Health unions urge PM to ditch public sector pay cap

19 Jun 17

A group of leading health trade unions have signed a joint letter to the prime minister urging her to use the Queen’s Speech to scrap the 1% public sector pay cap.

The letter, signed by 15 organisations, including the Royal College of Nursing, Unison and the British Medical Association among others, follows a suggestion by health secretary Jeremy Hunt that the government could be reviewing the pay cap.

Last week Hunt told the NHS Confederation conference he had “a great deal of sympathy” over pay concerns and would raise the issue with the chancellor.

The trade union representatives warned in their letter that health and care services are “becoming unsafe” and “struggling to make do without the staff they need”.

They wrote: “Organisations that represent patients and our NHS workforce are calling for the Queen’s Speech to mark a clear change in direction.”

PF has reported on numerous studies that warned that the public sector pay restraint would have a detrimental impact on service performance, staff morale and recruitment and retention.

This year’s increase, described as “miserly and cruel” by the GMB trade union, comes as official figures show inflation has hit 2.9%, indicating a further squeeze on private and public sector wages.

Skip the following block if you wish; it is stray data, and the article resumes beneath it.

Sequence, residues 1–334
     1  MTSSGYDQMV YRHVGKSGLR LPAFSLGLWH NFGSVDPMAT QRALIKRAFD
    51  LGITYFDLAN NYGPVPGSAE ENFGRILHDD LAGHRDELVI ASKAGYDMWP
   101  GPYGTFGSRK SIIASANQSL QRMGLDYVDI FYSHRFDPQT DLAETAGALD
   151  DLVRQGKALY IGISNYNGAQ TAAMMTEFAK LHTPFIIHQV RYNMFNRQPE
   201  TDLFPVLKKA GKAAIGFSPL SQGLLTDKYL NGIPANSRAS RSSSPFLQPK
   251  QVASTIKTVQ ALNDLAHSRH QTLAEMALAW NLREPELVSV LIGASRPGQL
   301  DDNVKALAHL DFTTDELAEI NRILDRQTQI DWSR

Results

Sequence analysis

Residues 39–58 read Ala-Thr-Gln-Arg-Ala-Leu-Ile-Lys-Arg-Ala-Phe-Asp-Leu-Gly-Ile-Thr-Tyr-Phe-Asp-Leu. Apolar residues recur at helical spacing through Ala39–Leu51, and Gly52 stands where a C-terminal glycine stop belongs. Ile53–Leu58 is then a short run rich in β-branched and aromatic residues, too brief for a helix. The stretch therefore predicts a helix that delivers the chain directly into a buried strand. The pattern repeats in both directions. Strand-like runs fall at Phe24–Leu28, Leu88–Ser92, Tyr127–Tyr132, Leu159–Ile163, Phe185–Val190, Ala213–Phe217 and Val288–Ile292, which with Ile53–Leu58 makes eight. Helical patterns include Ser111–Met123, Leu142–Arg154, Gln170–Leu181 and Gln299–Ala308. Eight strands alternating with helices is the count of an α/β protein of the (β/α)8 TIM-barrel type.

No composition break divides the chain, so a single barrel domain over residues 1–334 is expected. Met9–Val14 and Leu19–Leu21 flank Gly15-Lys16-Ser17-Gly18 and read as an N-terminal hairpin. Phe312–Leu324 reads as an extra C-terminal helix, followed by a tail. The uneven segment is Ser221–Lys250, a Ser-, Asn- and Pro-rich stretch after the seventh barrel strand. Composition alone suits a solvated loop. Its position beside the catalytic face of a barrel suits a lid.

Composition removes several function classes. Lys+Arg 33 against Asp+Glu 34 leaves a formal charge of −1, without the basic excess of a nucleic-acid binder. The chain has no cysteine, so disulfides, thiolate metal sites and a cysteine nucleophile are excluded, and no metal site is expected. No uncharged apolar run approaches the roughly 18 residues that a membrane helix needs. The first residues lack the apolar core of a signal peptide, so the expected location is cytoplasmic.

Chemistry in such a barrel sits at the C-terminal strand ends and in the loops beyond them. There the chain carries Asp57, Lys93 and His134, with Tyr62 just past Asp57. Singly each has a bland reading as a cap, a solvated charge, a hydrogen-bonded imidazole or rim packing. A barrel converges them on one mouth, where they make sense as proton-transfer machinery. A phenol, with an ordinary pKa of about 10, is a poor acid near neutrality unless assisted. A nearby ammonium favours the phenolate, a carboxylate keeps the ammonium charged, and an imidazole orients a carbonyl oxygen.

Today’s letter states: “The public sector pay cap has forced professionals out of jobs they love. Those who stay are overstretched and under pressure to do ever more with less.”

It points out that the cap is affecting the recruitment and retention of health care professionals and is having a profound effect on care standards.

The letter concludes: “We call on you to prioritise patient safety by guaranteeing safe staffing across all of our services and changing your policy on NHS pay.

“Government should remove the pay cap and address the real-terms loss of earnings so the NHS can retain and attract staff, resolve the workforce shortage and ensure safe patient care.”

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